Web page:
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Guardian and Ward

Duties And Responsibilities Of A Guardian

Generally, a guardian acts as guardian of both the person and the property of the ward, but in some circumstances these duties are split. When acting as guardian of the person, a guardian is entitled to custody and control of the ward. Some statutes make a specific exception when a child has a living parent who is suitable to provide daily care. The guardian then manages the child's property, and the parent retains custody. The rights and responsibilities associated with the child's daily care belong to the parent, but the guardian makes major decisions affecting long-term planning for the minor.

A guardian of the person of a child can prevent certain people from seeing the ward, but a court will not allow unreasonable restrictions. A guardian also has the right to move to a different state with the child, but can be required to appear in court prior to relocation and give assurances regarding the child's care. A guardian has the duty to provide for the child's support, education, and religious training. Courts permit a guardian to use income and interest earned by the child's assets to pay for the child's needs, but they are reluctant to permit the guardian to spend the principal. A parent is primarily responsible for the support of a child, so when a parent is living, his or her money must be used before the child's resources are spent. The child has a right to receive all of his or her property upon reaching the age of majority, unless restrictions are imposed by a will or a trust instrument.

A general guardian or a guardian of the property is considered a fiduciary—a person who occupies a position of trust and is legally obligated to protect the interests of the ward in the same manner as his or her own interests. A guardian cannot invest the ward's money in speculative ventures, agree not to sue someone who owes the ward money, or neglect legal proceedings, tax bills, or the maintenance of land, crops, or buildings that are part of the ward's estate. In addition, a guardian cannot allow someone else to maintain a business that the ward inherited or permit someone else to hold on to property belonging to the ward, without supervising such transactions. A guardian must earn income from the ward's property by making secure investments.

A guardian must take inventory and collect all the assets of the ward. Where permitted by law, title is taken in the ward's name. Otherwise, the guardian owns the property "as guardian" for the ward, which indicates that the guardian has the legal right to hold or sell the property but must not use it for his or her personal benefit. The guardian must determine the value of the property and file a list of assets and their estimated value with the court. The guardian must collect the assets promptly, and is liable to the ward's estate for any loss incurred owing to a failure to act promptly.

In general, a guardian does not have the authority to make contracts for the ward without specific permission from the court. If the child is party to a lawsuit, a guardian cannot assent to a settlement without first submitting the terms to the court for approval. A guardian must deposit any money held for the ward into an interest-bearing bank account separate from the guardian's own money. A guardian is also prohibited from making gifts from the ward's estate.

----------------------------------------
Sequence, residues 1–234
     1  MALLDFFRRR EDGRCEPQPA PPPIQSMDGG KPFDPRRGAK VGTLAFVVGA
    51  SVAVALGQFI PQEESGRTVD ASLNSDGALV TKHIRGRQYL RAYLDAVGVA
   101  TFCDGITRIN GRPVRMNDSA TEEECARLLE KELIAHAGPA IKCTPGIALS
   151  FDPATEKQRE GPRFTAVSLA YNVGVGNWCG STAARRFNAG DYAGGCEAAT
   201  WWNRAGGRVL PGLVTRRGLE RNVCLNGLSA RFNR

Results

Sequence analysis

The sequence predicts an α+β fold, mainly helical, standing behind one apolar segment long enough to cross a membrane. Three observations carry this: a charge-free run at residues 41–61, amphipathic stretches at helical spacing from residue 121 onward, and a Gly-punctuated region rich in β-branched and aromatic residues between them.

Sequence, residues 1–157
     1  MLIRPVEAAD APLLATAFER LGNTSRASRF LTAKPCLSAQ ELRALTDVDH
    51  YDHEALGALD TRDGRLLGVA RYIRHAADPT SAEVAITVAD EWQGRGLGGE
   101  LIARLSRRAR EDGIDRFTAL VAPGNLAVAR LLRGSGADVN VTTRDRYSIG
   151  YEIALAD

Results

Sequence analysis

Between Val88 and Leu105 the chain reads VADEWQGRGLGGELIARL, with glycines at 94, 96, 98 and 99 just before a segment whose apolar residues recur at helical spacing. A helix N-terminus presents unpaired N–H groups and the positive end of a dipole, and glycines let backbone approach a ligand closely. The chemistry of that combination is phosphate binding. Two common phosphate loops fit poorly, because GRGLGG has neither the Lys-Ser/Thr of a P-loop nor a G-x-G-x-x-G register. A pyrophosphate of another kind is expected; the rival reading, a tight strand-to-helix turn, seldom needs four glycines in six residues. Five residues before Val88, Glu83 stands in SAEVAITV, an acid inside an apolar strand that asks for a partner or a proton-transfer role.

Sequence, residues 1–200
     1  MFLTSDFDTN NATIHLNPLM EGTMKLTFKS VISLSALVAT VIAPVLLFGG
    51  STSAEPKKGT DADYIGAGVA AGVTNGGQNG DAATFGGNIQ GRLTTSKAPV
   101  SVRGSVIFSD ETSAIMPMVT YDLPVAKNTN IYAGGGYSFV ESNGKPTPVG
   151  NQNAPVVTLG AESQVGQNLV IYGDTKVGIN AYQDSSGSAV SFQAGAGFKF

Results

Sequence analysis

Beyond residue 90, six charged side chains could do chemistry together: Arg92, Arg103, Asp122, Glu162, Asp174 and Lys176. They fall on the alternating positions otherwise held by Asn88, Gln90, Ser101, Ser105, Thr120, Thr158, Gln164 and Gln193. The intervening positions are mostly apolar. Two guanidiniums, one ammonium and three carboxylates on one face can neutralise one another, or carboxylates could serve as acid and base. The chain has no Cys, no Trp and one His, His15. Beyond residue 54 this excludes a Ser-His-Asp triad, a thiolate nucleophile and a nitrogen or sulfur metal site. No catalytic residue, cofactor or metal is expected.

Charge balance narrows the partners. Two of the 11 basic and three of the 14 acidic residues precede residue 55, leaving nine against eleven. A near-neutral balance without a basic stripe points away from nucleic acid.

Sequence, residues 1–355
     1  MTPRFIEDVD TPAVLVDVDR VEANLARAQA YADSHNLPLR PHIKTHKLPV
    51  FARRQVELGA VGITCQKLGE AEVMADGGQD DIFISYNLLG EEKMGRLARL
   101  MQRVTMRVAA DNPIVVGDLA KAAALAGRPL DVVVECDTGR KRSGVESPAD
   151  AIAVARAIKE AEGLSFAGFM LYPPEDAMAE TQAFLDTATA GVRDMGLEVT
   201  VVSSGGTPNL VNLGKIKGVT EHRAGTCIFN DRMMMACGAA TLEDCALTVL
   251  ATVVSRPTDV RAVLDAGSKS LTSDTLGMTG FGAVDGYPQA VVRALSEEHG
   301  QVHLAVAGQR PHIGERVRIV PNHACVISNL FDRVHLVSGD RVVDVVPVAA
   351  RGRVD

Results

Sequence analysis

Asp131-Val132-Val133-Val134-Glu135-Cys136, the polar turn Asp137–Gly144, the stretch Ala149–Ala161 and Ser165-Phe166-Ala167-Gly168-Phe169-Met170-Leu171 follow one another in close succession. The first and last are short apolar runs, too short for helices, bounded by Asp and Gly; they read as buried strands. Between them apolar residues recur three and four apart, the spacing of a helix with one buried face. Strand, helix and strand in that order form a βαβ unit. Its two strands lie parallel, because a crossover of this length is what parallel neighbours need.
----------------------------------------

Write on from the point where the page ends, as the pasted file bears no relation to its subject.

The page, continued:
Generally, a guardian cannot tie up the ward's money by purchasing real estate, but can lend the money to someone else buying real estate if the property is sufficient security for the loan. A guardian cannot borrow money for personal use from the ward's estate. A guardian can lease property owned by the ward, but ordinarily the lease cannot extend beyond the time the ward reaches the age of majority. A guardian cannot mortgage real property or permit a lien on personal property of the ward. A guardian can sell items of the ward's personal property, but must receive the permission of the court to sell the ward's real estate.

At the end of the guardianship period, a guardian must account for all transactions involving the ward's estate. The guardian is usually required to file interim reports periodically with the court, but a final report must be filed and all property turned over to the ward when the ward has reached the age of majority. If the guardian has not managed the property in an ethical manner, the ward, upon reaching adulthood, may sue for waste, conversion, or EMBEZZLEMENT. If the management of the ward's assets was not illegal but resulted in losses, the guardian must reimburse the ward. If the guardian has managed the assets correctly, the guardian is entitled to be paid out of the ward's estate for his or her services.

Finally, whenever a guardian participates in a lawsuit for the ward, he or she sues or is sued only "as guardian,"and not personally. For example, if the ward sues a physician for MALPRACTICE and recovers damages, the money does not belong to the guardian even though he or she initiated the lawsuit for the ward. In the same way, if someone obtains a judgment for damages against the ward, the money must come from the ward's property, not from the guardian. If both the guardian and the ward are parties in one lawsuit, the guardian participates in the action as both a guardian and an individual.

Additional topics

Law Library - American Law and Legal InformationFree Legal Encyclopedia: Good behaviour to Health Insurance - Further ReadingsGuardian and Ward - Persons For Whom A Guardian Is Appointed, Selection Of A Guardian, Factors In Choosing A Guardian